Not all charities take on such a personal approach, which makes Home-Start quite unique. If reaching the parents through the phone during the pandemic has sometimes been hard, Home-Start never gave up. “If they don’t pick up the phone I’ll try again or text to ask if they’re OK, and this alone has had an impact on them,” she says. “We don’t let them forget that we’re here, and we don’t close up the case”. Phone calls, just like volunteers, are a lifeline for thousands throughout the UK who are dealing with not only a true poverty crisis but also with the serious mental health repercussions of a pandemic.
When it comes to talking about child poverty in the UK and the food crisis, Saiqa has, of course, many stories - and they are quite revealing about how poorly the situation has been handled. “I was talking to one of my mums the other day about the ‘free meals’, and just asked her what they got and she said these were things she never would have wanted to give her children,” Saiqa says. “The most heartbreaking part was that she said ‘beggars can’t be choosers’. It really made me feel sad, because that is quite profound when you think about it”.
Home-Start turns to food banks for the families in desperate need, and provides psychological help for parents dealing with feelings of humiliation. “No one says it, because when you need food there’s no pride left, but because we know each other so well now, that mum just broke down about having to get food that is ‘bottom of the pile’”.
Home-Start has had hero funders who gave the organisation supermarket vouchers throughout the pandemic, which has made it possible to help families since as early as March 2020. Some who, as Saiqa explains, didn’t have anything in the house. “Some didn’t even have bread in the house and rang me up, so I went to buy it for them,” she says. “It’s really hard to go ask someone for help when you don’t have any milk or bread in the fridge because you don’t want to be judged as a bad parent, but I tell them that I have been there myself”.
Some of the parents even get confused about what can be viewed as ‘acceptable’ basic needs, as Saiqa recalls one of the mums needing new shoes for her children. “She phoned me up and said ‘shoes are not essential’, but of course they are essential!” Saiqa says. Parents have the mental struggle to choose between clothing their children or feeding them, but Home-Start is also there to remind them that both are vital, quickly finding ways for them to do both.
Regular donations, whether in card payments or physical, are what can really help Home-Start’s mission. “Some grants fund vouchers for us, and we are very careful who we give the vouchers to of course,” says Saiqa. “In Camden and Islington, there are fifteen families that we regularly give vouchers to, and then if someone else needs something urgently like a buggy or appliance, we’ll check if we can help through an emergency fund”.
Urgent needs include nappies, baby milk, and general shopping, because, as Saiqa explains plainly, children staying at home naturally need a lot more food than if they’re out or at school, and basic items need replacement more quickly. “A lot of this is hand to mouth,” she explains. “I can’t express to you the relief people feel when they get the vouchers”.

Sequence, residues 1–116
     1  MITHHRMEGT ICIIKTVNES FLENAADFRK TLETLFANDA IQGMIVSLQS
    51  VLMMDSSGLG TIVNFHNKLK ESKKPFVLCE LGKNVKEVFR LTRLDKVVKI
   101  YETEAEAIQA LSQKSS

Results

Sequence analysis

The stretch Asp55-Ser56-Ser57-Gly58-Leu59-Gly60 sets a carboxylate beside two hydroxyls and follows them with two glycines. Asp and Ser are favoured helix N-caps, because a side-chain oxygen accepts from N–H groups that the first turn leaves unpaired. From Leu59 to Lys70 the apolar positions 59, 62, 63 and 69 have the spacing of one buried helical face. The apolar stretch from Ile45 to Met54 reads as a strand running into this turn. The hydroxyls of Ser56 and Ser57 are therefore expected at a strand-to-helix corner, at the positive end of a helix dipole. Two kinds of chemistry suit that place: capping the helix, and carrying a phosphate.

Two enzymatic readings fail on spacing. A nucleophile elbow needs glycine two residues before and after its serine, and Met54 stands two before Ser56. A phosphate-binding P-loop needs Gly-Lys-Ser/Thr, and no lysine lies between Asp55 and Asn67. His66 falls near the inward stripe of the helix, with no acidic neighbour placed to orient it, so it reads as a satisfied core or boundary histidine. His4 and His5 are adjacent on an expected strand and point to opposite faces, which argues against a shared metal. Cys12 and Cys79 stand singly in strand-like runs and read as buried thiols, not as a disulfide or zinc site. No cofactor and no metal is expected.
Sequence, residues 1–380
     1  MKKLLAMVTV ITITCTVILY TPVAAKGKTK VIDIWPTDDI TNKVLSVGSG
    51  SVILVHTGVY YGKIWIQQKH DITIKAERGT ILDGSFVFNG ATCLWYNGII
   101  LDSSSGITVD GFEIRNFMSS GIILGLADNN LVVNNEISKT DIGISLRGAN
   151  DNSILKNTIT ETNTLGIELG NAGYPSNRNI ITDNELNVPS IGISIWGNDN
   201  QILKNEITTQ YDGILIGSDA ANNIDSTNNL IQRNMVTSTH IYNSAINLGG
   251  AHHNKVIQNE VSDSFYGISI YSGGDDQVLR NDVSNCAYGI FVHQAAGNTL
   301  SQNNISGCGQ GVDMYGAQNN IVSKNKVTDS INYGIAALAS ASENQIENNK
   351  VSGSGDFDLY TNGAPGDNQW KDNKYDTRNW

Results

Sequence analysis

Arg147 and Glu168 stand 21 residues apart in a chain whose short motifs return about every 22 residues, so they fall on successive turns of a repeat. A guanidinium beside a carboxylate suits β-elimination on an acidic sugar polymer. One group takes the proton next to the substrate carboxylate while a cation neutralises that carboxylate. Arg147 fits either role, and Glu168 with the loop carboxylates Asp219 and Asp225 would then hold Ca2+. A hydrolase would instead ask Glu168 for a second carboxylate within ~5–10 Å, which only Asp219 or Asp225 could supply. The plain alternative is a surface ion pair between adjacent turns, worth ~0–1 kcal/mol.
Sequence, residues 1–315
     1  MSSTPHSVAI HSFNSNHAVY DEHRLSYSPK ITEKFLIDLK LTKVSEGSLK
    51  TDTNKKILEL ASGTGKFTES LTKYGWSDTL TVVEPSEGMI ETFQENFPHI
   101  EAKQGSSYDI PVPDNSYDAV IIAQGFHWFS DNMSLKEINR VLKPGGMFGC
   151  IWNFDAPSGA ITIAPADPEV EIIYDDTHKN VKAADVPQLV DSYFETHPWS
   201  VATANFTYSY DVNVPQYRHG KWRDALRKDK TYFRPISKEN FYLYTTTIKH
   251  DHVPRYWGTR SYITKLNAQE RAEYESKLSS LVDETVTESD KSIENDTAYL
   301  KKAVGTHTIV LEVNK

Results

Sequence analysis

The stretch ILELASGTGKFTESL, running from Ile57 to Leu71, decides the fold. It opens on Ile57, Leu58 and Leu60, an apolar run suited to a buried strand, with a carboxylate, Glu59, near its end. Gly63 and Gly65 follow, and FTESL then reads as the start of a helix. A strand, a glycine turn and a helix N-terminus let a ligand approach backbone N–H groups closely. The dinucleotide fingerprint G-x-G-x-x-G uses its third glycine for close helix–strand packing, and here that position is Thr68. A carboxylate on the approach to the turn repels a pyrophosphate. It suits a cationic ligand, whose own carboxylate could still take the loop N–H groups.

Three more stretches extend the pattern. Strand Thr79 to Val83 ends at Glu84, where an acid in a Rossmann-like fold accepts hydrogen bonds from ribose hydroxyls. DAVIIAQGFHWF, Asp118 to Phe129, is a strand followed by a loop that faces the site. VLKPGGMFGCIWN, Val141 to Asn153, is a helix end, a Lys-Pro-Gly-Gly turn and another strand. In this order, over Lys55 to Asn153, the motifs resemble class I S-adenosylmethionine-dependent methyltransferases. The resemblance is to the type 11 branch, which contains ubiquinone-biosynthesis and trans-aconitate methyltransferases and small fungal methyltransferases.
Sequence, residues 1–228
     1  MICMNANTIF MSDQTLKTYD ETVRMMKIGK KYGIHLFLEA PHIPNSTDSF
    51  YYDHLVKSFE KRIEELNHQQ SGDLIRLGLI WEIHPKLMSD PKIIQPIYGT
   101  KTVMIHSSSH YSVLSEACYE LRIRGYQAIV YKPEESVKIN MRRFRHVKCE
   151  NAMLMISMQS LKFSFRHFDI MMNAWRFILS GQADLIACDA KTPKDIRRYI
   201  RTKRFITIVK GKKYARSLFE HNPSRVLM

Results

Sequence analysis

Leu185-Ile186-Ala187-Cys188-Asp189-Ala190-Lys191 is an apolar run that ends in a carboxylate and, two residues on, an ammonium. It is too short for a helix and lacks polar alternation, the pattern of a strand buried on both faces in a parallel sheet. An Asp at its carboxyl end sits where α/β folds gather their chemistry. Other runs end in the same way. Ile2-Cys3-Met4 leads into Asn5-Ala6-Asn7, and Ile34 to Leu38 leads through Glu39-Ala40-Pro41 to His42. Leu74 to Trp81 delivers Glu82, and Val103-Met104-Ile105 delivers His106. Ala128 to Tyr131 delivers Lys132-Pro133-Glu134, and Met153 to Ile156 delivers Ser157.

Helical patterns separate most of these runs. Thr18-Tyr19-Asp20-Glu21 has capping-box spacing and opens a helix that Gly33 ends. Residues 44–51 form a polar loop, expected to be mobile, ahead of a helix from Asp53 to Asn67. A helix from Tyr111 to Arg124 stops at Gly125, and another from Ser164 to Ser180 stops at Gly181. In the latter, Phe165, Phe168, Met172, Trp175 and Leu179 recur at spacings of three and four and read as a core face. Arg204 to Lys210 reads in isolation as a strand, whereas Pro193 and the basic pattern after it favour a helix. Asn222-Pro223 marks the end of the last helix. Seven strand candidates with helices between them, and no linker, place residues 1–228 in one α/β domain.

John Lewis and Waitrose made Home-Start charity of the year in 2020, and provided the organisation with Christmas presents, which, as Saiqa recalls, truly saved Christmas for these families. After a year filled with anxiety, she remembers seeing the joy on the parents’ faces when she went to deliver them personally - a much needed break for people who have been robbed of the only true wealth they once had: freedom. “People can live with less money as long as it’s enjoyable outside, take the bus, go to the museums, as anything that is free in society we’ll find, but without the freedom to go out, it has made these families’ situation ten times worse,” she says. “They can’t be happy or boost their self-esteem while being stuck at home, so it’s very hard, especially as we don’t know when it will end”.
With lockdown restrictions easing up soon, Saiqa is hopeful that volunteer training, the backbone of the charity, will resume soon. The programme had to be halted as the nature of the job requires constant face-to-face interactions, which simply could not be delivered through online training. “A lot of the volunteers end up being more qualified than me and I’m so proud, because I want them to be successful,” she says. “People can still apply to help, as there are so many things they can do. We’d love to get more volunteers!”
As we part, Saiqa confesses that once you become a part of the Home-Start family, it really does become a family. And it shows. “Take a chance on us, as you can really flourish here,” she says.
Home-Start Camden & Islington is now planning to hold volunteer training from 17 May 2021 and is looking for new recruits. To help Home-Start Camden & Islington, and contribute to the charity’s mission through volunteering or by making a donation please visit www.homestartcamdenandislington.org.uk